Each fall, trees provide a veritable Thanksgiving Feast for aquatic macroinvertebrates. They spend the whole spring and summer preparing this feast, growing it, maintaining it, making sure everything is just right, and, come fall, dropping it all in the stream. What is this feast? Leaves!
Leaves from trees and shrubs are a form of allochthonous input, or something that enters an ecosystem from outside of the system. In small headwater streams, such as those found in our area, allochthonous input is a dominant source of energy, essentially forming the base of the food chain. Generally, these small headwater streams are forested, preventing light from reaching streams, inhibiting photosynthesis, and thus limiting the growth of aquatic plants. Consequently, the main source of energy in these streams comes from trees in the form of fallen leaves.
Once leaves fall into the stream, microbes, such as bacteria and fungi, colonize leaves, starting the process of decomposition. Some macroinvertebrates, called shredders, eat the leaves themselves, feasting on the plant material. Other macroinvertebrates, called scrapers, eat the layer of algae, bacteria, and fungi that develops on fallen leaves. Both shredders and scrapers are eaten by predatory macroinvertebrates, which are in turn eaten by frogs, salamanders, fish, and other aquatic animals, moving energy up the food chain.
Leaf litter in streams also provides important habitat for macroinvertebrates. Smaller macroinvertebrates can hide from predators in the leaf litter, while predatory macroinvertebrates can hide from unsuspecting prey in the leaf litter as well.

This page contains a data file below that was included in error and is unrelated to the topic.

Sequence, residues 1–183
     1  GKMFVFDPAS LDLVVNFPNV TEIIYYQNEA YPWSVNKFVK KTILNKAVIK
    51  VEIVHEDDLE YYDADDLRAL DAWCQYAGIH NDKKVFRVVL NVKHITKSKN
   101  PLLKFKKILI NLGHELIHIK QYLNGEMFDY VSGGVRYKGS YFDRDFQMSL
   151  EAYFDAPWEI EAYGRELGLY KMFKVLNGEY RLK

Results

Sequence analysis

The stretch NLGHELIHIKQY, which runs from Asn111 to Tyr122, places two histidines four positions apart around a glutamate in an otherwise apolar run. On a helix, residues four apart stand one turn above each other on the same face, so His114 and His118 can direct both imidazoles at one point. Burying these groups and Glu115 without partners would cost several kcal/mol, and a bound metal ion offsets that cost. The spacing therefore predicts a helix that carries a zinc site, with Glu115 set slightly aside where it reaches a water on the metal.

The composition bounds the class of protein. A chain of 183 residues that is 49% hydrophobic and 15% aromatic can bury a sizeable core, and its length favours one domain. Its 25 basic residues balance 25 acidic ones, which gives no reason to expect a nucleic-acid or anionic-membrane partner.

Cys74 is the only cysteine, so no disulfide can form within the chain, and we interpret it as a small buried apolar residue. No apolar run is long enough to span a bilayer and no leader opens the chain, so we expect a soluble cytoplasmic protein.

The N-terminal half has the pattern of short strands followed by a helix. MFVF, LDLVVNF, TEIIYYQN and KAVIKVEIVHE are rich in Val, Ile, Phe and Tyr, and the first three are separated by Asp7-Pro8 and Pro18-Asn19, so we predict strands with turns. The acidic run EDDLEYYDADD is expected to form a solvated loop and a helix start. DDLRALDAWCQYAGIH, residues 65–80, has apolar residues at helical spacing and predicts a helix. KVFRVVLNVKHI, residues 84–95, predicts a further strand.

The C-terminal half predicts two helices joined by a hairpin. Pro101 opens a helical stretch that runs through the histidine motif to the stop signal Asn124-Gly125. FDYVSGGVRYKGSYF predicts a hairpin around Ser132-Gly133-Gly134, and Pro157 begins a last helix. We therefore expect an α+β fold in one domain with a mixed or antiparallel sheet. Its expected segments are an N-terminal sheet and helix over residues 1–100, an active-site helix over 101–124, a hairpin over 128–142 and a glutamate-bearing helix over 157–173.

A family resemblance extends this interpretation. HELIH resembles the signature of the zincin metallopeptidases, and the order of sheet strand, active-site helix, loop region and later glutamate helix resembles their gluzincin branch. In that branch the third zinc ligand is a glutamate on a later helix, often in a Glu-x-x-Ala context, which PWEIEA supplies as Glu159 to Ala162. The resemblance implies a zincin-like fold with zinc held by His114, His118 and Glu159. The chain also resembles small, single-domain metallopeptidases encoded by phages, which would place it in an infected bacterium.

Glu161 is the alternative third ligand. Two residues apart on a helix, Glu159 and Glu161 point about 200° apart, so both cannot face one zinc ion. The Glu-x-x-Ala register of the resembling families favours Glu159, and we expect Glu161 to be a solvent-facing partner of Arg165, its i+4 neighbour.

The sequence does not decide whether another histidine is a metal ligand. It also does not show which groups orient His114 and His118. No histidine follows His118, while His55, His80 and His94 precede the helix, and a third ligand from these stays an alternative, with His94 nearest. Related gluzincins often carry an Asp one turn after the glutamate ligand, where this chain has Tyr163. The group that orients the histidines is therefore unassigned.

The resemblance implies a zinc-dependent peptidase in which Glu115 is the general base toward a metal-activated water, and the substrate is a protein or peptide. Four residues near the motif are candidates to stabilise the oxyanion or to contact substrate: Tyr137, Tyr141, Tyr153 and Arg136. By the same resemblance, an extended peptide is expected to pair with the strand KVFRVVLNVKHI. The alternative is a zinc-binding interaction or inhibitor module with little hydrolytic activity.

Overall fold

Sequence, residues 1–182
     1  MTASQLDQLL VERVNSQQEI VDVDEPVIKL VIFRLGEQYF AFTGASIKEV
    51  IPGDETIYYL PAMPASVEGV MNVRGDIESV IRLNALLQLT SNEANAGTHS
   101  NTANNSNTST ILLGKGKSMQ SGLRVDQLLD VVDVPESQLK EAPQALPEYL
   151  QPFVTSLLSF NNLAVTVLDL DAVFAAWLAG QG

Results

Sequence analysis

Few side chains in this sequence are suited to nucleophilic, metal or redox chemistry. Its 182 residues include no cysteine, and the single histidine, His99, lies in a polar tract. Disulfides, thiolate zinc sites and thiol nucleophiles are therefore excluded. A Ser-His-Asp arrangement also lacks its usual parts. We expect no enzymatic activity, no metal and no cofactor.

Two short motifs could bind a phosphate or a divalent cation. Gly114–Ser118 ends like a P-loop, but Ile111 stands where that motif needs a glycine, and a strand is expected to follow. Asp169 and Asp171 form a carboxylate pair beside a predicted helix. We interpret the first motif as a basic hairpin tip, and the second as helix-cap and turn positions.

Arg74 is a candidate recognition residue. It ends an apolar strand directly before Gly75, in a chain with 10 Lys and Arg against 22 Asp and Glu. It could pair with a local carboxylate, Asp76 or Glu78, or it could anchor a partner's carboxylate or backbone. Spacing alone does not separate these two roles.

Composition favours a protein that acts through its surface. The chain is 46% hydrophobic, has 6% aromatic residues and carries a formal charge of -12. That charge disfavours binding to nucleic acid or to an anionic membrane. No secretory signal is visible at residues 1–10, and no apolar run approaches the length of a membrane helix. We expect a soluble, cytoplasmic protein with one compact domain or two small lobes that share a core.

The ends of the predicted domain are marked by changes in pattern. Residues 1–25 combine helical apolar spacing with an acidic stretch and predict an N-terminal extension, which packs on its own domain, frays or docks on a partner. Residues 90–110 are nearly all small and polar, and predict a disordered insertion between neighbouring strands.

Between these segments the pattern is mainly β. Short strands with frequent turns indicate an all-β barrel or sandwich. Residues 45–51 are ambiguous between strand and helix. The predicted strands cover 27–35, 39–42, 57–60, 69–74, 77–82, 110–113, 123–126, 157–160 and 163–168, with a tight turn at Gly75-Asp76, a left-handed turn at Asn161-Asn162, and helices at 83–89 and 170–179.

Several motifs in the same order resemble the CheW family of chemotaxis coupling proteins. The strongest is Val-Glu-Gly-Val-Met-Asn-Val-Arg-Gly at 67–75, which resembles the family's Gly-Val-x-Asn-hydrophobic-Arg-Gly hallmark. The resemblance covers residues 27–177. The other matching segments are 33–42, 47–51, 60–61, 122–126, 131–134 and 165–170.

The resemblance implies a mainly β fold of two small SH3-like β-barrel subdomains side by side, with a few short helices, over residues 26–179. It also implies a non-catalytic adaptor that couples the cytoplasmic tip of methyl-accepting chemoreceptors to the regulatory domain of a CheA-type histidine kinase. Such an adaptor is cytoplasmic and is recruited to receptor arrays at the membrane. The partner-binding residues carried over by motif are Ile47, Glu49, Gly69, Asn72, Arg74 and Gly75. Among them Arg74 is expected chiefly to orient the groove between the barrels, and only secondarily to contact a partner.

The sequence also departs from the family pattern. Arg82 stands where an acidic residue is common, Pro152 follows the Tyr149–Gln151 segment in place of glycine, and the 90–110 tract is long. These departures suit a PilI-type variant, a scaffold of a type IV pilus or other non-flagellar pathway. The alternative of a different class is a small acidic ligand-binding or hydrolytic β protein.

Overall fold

Since leaf litter is so important for macroinvertebrate communities, any changes to the amount and type of leaf litter that reaches the stream can impact the macroinvertebrate community. In areas where trees have been cleared along stream banks, the primary energy input is no longer leaf litter. Rather, since sunlight can reach the stream, aquatic algae and vegetation will grow more readily and become the dominant source of energy. As a result, the macroinvertebrate community will shift to a community that primarily eats aquatic vegetation and algae, with consequences for the entire food chain. Similarly, if the composition of riparian vegetation changes and non-native plants become more common than native plants, the macroinvertebrate community may shift as well.
The best way to maintain and improve this Thanksgiving Feast for our aquatic life is to protect forests along streams, remove invasive species, and plant native trees along streams. Willistown Conservation Trust is working to enhance this feast at Ashbridge Preserve, where we have planted over 1000 trees along Ridley Creek. We hope that these trees will improve water quality and contribute much needed allochthonous input for the inhabitants of Ridley Creek.
By Anna Anna Willig | she/her | Watershed Conservation Associate | As part of our Watershed Protection Program, Anna assists with monthly water chemistry sampling, maintains the tree planting at Ashbridge Preserve, and analyzes water quality data from sampling and from our EnviroDIY sensors.